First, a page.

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Casablanca Records


Casablanca Records is a record label that was started by Neil Bogart in 1973 after leaving Buddah Records. The label released hits by Donna Summer, Kiss, The Four Tops, and Parliament. Polygram acquired a 50 percent stake in 1977 and later acquired the remaining half for $15 million. Afterwards the label had hits with Lipps Inc and Irene Cara.

In 2004, teenaged actress and singer Lindsay Lohan signed a recording deal with Casablanca, which is now owned by Tommy Mottola.--http://en.wikipedia.org/wiki/Casablanca_Records [Mar 2005]


If there was a central figure of the disco era, it was the club DJ. Presiding over throngs of gyrating bodies, he possessed the ability to control their every move with just a drop of the tonearm. Between 1975 and 1985, a significant portion of DJ vinyl had the name 'Casablanca' emblazoned on the labels. Casablanca Records, along with its affiliates 'Millennium', 'Parachute', 'Oasis' and 'Chocolate City Records', came to epitomize dance music in the same way 'Cameo-Parkway Records' epitomized dance rock in the 1960s.

The late Neil Bogart had been a promotion man for Cameo-Parkway, and later, its president. In 1967, he took over the 'Buddah' label and oversaw the late '60s bubblegum trend led by such acts as The Chicago Express and the 1910 Fruitgum Company. Shortly after Buddah Records scored its biggest hit with Gladys Knight and the Pips' "Midnight Train To Georgia", in 1973, Bogart left to start a label of his own. It's moniker was inspired by his hero, Humphrey Bogart, its logo was pure Hollywood fantasy, a stylish depiction of a 1940s movie studio lot. With the disco era as its backdrop, 'Casablanca Records and Filmworks' would become remarkably close to realizing that fantasy.

The platinum-selling KISS Alive! album was Casablanca's first smash hit in 1975, making the label a contender in the arena rock market. Then came Donna Summer's "Love To Love You, Baby" in late 1975, a taste of things to come. After a year staking her claim on the disco charts, Summer stormed the pop world with Giorgio Moroder and Pete Bellotte's Eurodisco classic "I Feel Love".

Instrumentalist Meco Menardo was the star pupil in Casablanca's class of 1977, topping Billboard's Hot 100 with his discofied interpretation of the 'Star Wars' theme; in 1978, Donna Summer continued her string of legendary million-seller's with 'Last Dance' and 'MacArthur Park". That same year, George Clinton's infamous funk aggregation 'Parliament' lit up the pop, disco, and R&B charts with 'Flashlight', and Jacques Morali's novelty act the Village People released 'Macho Man', a tongue-in-cheek- stomper which broke out on both television and radio.

Casablanca enjoyed a banner year in 1979, the peak of the disco phenomenon. The label scored two monster singles, Donna Summer's steamy 'Hot Stuff' and Village People's anthem 'YMCA' - both crowd pleasers two decades later. Roughly a dozen Casablanca releases were major pop hits in 1979, Donna Summer, Village People, Brooklyn Dreams and Cher all scored big.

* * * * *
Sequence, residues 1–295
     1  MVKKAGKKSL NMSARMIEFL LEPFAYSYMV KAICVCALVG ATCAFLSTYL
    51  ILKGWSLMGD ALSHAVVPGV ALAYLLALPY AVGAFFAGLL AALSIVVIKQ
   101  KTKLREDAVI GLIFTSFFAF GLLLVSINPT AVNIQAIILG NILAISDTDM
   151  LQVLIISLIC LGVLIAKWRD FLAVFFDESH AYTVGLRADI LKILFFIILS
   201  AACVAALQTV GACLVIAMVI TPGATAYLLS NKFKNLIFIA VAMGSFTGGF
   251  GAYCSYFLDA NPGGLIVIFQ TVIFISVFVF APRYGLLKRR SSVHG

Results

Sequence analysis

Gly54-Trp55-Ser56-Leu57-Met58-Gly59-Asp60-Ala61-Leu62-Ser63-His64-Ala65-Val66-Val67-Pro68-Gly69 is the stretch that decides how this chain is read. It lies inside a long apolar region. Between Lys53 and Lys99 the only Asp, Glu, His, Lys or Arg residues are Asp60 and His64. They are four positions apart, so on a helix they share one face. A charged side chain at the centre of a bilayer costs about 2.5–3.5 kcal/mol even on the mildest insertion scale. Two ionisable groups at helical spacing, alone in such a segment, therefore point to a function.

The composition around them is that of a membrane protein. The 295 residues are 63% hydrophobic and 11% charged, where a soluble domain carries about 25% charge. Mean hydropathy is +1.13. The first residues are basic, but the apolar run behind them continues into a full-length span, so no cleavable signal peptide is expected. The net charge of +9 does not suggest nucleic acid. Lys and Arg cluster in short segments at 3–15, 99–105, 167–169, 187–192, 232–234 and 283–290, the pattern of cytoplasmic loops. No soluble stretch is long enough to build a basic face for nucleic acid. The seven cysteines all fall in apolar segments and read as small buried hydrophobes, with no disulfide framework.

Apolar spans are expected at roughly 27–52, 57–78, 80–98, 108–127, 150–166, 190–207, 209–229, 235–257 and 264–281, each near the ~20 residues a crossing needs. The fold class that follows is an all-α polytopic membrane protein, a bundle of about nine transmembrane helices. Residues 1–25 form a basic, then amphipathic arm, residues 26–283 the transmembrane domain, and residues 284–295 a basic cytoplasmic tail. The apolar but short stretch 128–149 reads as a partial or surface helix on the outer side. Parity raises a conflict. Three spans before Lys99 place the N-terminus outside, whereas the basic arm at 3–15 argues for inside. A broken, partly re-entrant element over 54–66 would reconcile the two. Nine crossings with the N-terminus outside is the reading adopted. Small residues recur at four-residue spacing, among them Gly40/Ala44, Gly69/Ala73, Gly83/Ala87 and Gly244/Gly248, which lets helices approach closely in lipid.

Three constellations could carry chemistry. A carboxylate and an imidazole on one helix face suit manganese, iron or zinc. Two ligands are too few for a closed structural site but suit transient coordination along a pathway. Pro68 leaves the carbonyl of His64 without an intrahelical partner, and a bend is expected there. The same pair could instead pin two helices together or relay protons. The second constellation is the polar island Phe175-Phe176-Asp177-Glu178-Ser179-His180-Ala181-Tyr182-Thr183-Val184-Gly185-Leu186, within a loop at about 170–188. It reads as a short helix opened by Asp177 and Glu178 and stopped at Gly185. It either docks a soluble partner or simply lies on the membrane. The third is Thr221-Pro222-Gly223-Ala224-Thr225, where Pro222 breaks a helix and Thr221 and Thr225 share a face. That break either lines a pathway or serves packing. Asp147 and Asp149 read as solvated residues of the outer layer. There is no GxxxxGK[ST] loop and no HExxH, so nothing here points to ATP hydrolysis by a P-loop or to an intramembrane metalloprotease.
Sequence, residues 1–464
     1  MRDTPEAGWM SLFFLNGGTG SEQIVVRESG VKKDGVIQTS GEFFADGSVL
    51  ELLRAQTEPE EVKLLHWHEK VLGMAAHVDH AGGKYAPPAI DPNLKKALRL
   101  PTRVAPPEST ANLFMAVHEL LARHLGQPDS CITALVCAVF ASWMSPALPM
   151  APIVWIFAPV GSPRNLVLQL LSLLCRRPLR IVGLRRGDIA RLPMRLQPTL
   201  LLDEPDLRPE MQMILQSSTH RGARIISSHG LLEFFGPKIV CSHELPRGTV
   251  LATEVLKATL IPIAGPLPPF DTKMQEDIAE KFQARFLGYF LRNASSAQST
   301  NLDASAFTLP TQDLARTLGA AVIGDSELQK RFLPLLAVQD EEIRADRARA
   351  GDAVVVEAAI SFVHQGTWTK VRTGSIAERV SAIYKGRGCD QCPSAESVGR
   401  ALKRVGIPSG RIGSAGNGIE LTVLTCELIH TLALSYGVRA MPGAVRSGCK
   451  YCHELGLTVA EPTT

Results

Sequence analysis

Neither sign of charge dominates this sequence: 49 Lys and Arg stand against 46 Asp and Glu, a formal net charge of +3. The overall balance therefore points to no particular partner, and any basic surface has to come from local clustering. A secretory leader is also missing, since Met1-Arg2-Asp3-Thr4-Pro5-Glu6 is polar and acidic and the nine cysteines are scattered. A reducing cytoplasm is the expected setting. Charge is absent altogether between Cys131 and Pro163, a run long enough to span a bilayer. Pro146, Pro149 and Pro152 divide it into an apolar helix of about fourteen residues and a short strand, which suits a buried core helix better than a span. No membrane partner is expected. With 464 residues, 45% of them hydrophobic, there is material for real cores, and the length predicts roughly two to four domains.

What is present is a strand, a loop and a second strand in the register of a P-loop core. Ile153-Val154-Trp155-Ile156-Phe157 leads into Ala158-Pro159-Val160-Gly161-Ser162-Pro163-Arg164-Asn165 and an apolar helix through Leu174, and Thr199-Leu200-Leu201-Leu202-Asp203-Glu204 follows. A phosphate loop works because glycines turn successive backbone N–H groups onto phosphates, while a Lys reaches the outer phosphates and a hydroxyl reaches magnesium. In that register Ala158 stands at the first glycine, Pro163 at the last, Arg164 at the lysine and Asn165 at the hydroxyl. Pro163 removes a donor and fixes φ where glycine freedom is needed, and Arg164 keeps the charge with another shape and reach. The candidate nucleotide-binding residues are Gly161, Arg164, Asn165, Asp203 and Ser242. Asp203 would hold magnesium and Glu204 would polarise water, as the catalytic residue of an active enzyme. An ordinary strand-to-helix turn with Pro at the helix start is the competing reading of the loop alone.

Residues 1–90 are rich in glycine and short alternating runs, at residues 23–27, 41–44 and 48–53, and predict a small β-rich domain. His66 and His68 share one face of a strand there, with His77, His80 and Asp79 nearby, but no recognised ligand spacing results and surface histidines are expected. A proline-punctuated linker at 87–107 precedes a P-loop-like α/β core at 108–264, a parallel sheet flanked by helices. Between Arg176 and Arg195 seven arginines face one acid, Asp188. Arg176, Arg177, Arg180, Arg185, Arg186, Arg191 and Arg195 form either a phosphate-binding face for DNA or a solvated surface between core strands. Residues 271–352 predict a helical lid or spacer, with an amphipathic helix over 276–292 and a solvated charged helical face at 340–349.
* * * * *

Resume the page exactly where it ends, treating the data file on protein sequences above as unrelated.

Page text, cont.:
The dawn of the President Reagan Decade coincided with a sharp decline in disco music's popularity, yet in 1980, Casablanca was still hot stuff. The company diversified its image, and logged million-sellers with 'Captain & Tennille', 'Lipps Inc.' (with the diabollically infectious 'Funkytown'), Teri De Sario, 'Pure Prairie League' and of course, Donna Summer. Casablanca's profile did diminish after that - Summer and Village People switched to other labels, and Neil Bogart himself found another label. ('Boardwalk Records Inc.'). Controlled by Polygram Records, Casablanca soldiered on, landing hits with Dr. Hook and The Four Tops, among others. However, the flame wasn't extinguished yet, as the label scored a one-two platinum punch with Irene Cara's "Flashdance" movie theme and Michael Sembello's "Maniac", also from the film, in 1983. Fittingly, both were high-energy dance discs that harkened back to the Bogart glory days.

Casablanca Records and Filmworks was arguably the greatest of the '70s dance music labels, and there may never again be a record company like it - one whose releases crossed boundaries of age, class, culture, race, and sexual preference, and encouraged people to come together in rhythmic celebration. Perhaps more than any other label of recent memory. Casablanca tapped into the fantasy element inherent in American popular culture. "I went to the clubs, and I realized people needed good music", Neil Bogart explained to a 'Newsweek' reporter in 1979. "They were tired of guitarists playing to their amplifiers. They wanted to be the stars!" Indeed, in the short-lived entertainment empire he created, every dancer was a star, every dance floor was a movie set, and every dance was the Last Dance. -- Jason Ally http://homepage.ntlworld.com/jasonally/page4.html


  1. Love to Love You Baby (1974) - Donna Summer [Amazon.com]
    in 1974, she hit it really big with the worldwide disco hit "Love to love you baby" after meeting producer Giorgio Moroder and signing to the Oasis sub-label of Neil Bogart's Casablanca label. It is the typical disco song of the period - with Giorgio Moroder / Pete Belotte's thumping disco beat, the wah-wah guitar and the big orchestra (actually "Munich Machine"). "Need-a-man blues" is other disco track from this first Oasis album. --discofunk.com

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